This Sunday is Mother’s Day, in case you’ve not noticed. With UK mums living longer and working harder than ever, we look at what life is like for us mums in 2018.
1. We are doing more housework (not less)
According to a survey on behalf of Clintons 10 per cent of UK adults aged 65+ receive regular help with daily chores like washing, cooking and shopping from their mothers. An increasing number of mums are aged 85 and over and still juggling the demands of babysitting, cooking meals for their children, washing their clothes and doing the family shop.
2. Mums are more involved in their children’s lives than ever before
According to the survey mums aged over 65 often remain involved with all elements of their children’s lives. This involves everything from cooking them meals (12%), doing their shopping (12%), washing and ironing their clothes (10%) to cleaning their house (11%). And 7% of mums with kids aged 65 plus will cook them a meal at least 10 times per month.
3. Mums are living longer
Grandmother specific captions now account for one-in-10 of all cards sold for Mother’s Day. Nans, grandmas, grannies and grandmothers are honoured with over 70 different card designs this year. Cards from grandchildren as well as those for great-grandmothers have also been introduced. Nicola Miller of Clintons, says: “The age of retirement appears to have little impact on mums of today. Senior mums often take on a dual role. Aside from their important relationship with grandchildren, many continue to actively support their own sons and daughters well into their 60’s and beyond. It won’t be long before we’ll have to introduce cards for great-great-grandmothers on Mother’s Day.”
4. It’s more expensive to be a mum (surprise, surprise!)
Some 696,271 babies were born in England and Wales in 2016 – 41% of them were first babies, according to financial advisers Hargreaves Lansdown. Sarah Coles, personal finance analyst, Hargreaves Lansdown says: “Children aren’t cheap. At the last count, raising a child to the age of 21 was around £230,000. The first year is particularly costly – at an estimated £11,000 – as parents need a seemingly endless list of new baby kit, while also dealing with the horrible financial impact of maternity leave, paternity leave and childcare.”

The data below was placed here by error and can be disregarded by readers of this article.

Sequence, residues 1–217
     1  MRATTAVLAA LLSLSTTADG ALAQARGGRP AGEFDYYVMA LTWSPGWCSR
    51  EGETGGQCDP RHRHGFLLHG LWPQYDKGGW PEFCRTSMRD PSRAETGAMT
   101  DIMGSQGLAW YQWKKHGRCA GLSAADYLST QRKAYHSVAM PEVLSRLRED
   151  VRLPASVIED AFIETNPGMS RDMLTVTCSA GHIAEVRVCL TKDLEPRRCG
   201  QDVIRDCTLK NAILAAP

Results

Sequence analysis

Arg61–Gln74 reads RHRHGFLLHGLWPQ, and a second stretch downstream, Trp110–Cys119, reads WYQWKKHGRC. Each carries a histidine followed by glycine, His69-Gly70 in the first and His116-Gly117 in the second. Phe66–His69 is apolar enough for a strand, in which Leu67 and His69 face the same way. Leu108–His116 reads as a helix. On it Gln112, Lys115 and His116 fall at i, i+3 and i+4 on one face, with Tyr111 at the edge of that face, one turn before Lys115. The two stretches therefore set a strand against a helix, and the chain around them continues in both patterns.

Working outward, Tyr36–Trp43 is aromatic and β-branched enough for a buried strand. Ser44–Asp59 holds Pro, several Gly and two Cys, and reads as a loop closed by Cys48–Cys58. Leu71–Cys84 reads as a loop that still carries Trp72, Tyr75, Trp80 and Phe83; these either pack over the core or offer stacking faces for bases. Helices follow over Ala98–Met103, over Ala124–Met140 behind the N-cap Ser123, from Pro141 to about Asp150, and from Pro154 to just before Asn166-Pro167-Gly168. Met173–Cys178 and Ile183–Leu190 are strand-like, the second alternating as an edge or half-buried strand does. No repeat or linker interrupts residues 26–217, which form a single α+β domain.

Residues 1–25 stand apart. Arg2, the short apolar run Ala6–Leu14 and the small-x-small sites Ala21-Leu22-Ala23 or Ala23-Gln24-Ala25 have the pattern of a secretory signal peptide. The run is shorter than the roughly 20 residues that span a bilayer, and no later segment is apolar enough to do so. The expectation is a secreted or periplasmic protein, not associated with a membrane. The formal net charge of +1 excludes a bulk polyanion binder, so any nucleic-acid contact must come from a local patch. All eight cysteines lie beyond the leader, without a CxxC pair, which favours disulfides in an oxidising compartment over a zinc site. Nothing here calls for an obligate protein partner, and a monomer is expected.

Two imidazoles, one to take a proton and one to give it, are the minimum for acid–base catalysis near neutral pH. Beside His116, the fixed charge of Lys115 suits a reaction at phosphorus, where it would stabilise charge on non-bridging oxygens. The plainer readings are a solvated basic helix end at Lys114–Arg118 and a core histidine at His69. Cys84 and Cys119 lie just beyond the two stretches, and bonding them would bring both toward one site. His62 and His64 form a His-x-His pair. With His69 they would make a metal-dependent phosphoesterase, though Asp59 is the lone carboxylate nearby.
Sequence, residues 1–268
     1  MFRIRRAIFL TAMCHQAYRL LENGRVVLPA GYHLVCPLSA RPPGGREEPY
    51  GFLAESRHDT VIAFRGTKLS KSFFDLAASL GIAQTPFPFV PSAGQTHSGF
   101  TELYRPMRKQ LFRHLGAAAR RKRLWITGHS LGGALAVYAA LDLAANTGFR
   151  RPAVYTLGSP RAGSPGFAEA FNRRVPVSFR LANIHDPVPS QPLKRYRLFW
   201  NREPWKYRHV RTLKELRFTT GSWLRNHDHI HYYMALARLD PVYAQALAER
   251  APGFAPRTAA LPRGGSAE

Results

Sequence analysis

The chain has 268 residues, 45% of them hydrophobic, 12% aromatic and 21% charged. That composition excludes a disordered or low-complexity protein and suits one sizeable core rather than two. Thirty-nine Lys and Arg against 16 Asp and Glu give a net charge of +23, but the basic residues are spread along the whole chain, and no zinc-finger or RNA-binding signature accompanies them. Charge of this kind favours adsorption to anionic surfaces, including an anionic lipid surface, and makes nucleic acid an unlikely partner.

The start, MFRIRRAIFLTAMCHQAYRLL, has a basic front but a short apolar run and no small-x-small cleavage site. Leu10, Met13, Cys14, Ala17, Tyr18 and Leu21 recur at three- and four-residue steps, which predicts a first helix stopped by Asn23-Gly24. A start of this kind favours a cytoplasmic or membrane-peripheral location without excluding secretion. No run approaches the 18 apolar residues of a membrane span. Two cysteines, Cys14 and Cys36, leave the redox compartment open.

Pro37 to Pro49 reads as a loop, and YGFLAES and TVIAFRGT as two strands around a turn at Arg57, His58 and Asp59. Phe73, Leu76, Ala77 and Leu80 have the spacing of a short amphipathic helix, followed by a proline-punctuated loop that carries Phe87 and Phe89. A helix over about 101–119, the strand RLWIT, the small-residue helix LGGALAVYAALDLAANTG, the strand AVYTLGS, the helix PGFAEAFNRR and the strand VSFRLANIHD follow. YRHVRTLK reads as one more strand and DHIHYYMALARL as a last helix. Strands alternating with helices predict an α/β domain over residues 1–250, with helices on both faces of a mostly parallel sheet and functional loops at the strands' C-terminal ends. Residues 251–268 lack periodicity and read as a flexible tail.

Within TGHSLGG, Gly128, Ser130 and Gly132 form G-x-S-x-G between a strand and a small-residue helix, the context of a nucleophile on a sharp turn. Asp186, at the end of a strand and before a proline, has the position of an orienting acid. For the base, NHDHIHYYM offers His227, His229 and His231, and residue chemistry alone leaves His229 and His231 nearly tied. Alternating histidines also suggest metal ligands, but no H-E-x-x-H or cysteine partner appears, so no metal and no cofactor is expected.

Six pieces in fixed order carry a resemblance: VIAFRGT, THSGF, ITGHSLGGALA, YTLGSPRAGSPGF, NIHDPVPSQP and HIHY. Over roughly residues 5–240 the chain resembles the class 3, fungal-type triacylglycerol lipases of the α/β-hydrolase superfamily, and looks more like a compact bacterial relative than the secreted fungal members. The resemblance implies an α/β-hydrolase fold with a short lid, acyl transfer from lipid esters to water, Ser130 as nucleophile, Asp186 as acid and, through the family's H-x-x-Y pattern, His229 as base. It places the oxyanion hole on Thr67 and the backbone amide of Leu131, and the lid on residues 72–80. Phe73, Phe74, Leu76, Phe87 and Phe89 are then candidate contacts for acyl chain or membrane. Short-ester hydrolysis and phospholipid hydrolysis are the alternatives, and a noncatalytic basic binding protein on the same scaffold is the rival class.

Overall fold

5. You need to think about finance
Sarah recommends these as your five family financial must-haves:
- Protect your family
Its vital to have life or some kind of financial safefy net in place, so if the worst was to happen, they have a financial safety net.
- Cut the cost of childcare
The incredible cost of childcare can put a hole in even the most sensible budgets. There’s a new tax-free childcare scheme worth taking advantage of if you can. Parents with children up to the age of 12 (where both parents work and earn between £120 a week and £100,000 a year) can open a tax-free childcare account, pay in up to £8,000 a year per child, and the government will top it up by 20% – up to £2,000. You then use cash in your account to pay for care.
- Start saving for your children
A Junior ISA investing in stocks and shares is a great way to build a tax-free lump sum at the age of 18, to give them a good start in life, and by starting young, they can take advantage of the transformative effect of compound growth. In the current tax year, anyone can contribute up to £4,128 to a JISA, so there’s plenty of allowance available for birthday and Christmas presents. Get grandparents involved too. Rather than birthday presents get them to pay in £20 or £30 into your child’s savings account.
- If you can’t do much, do something
At this stage you can put as little as £25 a month in a stocks and shares ISA. The sum of money isn’t important, what is key is that you have established a regular savings habit.
- Don’t forget your pension
It’s easy to let pension contributions go at this stage. You may not return to work for while, and when you do, it’s tempting to opt out of pension contributions while life is more expensive. But losing the pensions savings habit is a dangerous business. If you are not earning, you still have a £3,600 allowance for pension contributions. As a family it’s worth having a conversation about whether there’s any way to afford paying into your pension.